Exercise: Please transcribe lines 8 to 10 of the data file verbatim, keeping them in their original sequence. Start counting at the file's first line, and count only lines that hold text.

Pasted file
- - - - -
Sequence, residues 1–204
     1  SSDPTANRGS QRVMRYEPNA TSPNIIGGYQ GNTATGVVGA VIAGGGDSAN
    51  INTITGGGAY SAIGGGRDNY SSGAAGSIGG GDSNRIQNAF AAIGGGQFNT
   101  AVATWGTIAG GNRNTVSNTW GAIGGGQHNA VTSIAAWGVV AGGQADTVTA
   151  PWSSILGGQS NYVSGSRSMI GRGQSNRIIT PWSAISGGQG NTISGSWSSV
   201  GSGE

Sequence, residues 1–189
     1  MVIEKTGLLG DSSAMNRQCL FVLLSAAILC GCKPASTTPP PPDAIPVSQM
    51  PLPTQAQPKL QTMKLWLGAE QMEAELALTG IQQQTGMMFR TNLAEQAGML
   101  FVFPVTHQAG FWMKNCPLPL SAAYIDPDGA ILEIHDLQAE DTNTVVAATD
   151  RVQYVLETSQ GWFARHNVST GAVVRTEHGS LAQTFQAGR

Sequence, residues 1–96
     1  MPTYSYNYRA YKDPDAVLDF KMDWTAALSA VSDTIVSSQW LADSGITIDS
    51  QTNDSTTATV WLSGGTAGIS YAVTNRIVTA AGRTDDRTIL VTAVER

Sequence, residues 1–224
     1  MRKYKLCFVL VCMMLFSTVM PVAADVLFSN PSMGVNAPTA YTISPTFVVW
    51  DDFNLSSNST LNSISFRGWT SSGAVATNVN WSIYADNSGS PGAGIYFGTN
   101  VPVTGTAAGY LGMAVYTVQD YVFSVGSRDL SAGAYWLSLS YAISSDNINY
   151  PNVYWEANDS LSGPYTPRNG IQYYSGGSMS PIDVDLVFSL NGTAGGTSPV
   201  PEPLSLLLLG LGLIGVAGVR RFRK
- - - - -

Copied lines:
     1  MVIEKTGLLG DSSAMNRQCL FVLLSAAILC GCKPASTTPP PPDAIPVSQM
    51  PLPTQAQPKL QTMKLWLGAE QMEAELALTG IQQQTGMMFR TNLAEQAGML
   101  FVFPVTHQAG FWMKNCPLPL SAAYIDPDGA ILEIHDLQAE DTNTVVAATD